Marcia Miller's Reflections & Resources

Playing with Pattern Blocks

Pattern block creations by a gathering of teens last New Year’s Eve

Wooden pattern blocks are wonderful in so many ways. You can create designs with them, build with them, and play games with them.  You can talk about their colors, shapes, angles, and how they relate to each other. You can lay them out in repetitive patterns or beautiful mosaics. You don’t need lessons for any of these things, only time and space to play.

The best part of playing with pattern blocks is sitting next to another person and conversing about anything and everything while you play. Years ago, Sandra Dodd wrote a beautiful essay called, Leaning on a Truck and other parallel play. She described the delights of playing with pattern blocks, along with many other wonderful side-by-side activities, and I’ve been fascinated with them ever since.




Games and Activities

Along with many freestyle uses of pattern blocks, sometimes it’s fun to use triangle paper or puzzle trays for different types of explorations.   Triangle Paper is good for laying out, recording, or coloring in various shapes and geometric designs.  Hexagon puzzle trays and triangle puzzle trays are good for creating contained designs that are easy to move from one place to another.  Sometimes these are easier for younger children to use because they offer a framework in which to build their designs.

Build the Yellow Hexagon Hexagon Puzzle Tray

Build patterned designs using a variety of pattern blocks. Experiment with symmetrical and asymmetrical patterns.

Build tessellations of various shapes. A tessellation is created when a shape is repeated over and over again covering a plane without any gaps or overlaps.

Create a repeating pattern with various blocks, and then let someone else copy and complete the pattern.

Dice Games: Use special pattern block picture dice along with regular number dice to make up your own games. Roll two, three, or four dice to determine how many and which shapes of blocks to use to create a unique design. Compare your designs with other players. Use the blocks you roll to build trains, mandalas, or asymmetrical designs.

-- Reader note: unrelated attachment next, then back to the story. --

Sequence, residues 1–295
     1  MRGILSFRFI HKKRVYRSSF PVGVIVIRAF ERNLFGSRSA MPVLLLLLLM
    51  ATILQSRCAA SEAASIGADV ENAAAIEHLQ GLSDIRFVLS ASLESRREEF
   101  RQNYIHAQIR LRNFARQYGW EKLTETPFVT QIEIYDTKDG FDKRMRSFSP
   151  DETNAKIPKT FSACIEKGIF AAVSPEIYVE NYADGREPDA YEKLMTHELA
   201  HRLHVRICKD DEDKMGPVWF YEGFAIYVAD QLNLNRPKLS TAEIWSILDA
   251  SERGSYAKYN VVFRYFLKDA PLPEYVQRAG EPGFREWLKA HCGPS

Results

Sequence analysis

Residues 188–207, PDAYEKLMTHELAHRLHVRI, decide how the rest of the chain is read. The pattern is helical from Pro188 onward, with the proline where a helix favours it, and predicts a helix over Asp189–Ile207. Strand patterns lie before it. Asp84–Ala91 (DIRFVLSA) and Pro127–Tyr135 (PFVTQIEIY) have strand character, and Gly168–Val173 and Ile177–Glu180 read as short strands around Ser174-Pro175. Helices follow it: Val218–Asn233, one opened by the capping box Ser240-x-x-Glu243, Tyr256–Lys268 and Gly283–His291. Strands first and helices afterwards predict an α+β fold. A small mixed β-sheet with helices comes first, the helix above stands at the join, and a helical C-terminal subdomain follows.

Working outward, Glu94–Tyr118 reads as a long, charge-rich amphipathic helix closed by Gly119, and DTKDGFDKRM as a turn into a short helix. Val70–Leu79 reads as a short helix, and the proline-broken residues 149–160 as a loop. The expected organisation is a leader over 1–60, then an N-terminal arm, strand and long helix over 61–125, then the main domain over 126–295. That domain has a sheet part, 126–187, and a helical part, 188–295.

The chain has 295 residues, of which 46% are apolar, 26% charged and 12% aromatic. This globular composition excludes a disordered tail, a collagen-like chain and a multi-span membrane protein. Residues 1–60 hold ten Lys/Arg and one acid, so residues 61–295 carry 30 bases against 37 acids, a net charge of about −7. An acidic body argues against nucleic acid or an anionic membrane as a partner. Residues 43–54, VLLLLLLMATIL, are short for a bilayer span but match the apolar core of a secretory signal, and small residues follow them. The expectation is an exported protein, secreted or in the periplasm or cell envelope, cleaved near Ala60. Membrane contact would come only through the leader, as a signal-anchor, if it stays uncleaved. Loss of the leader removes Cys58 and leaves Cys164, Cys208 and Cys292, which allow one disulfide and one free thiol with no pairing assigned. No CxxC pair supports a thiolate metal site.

Strategy Game: The Last Block In this game, players take turns placing pattern blocks on a hexagonal game board. The winner is the player who places the last block on the board. You can make your own hexagonal game boards of various sizes using triangle paper.

The Last Block

Hexagon Fill-in Puzzle: Use various pattern blocks to experiment with filling in a hexagon puzzle page like the one pictured below.  A few questions to get you started:  “How many different ways can the hexagon shape be filled?”  “What’s the least number of blocks you can use to fill one of the hexagons?”  “What’s the most number of blocks you can use?”  This puzzle idea is adapted from the book, About Teaching Mathematics: A K-8 Resource (p.90) by Marilyn Burns.  You can make your own hexagon puzzle pages using triangle paper, or get a template from Burns’s book.

Hexagon Fill-in Puzzle


Pattern Block Design Mats, Templates, and Activity Cards: All of these can be fun to use as matching games, fill in the blank puzzles, or as pictures to color in.

  • Design Mats of Animals and Flowers
  • Make your own pattern block design cards by covering triangle paper with a pattern block design and coloring in the shapes to match your design.

Thinking About Angles: If you take a minute to consider some of the angles of the different pattern blocks, you might notice some similarities as well as some interesting comparisons among the blocks. Can you start with an angle you know to help you determine an angle you’re not sure about? For instance, if you know that the orange square has 90 degree angles and the green triangle has 60 degree angles, can this knowledge help you discover the angles of the other blocks?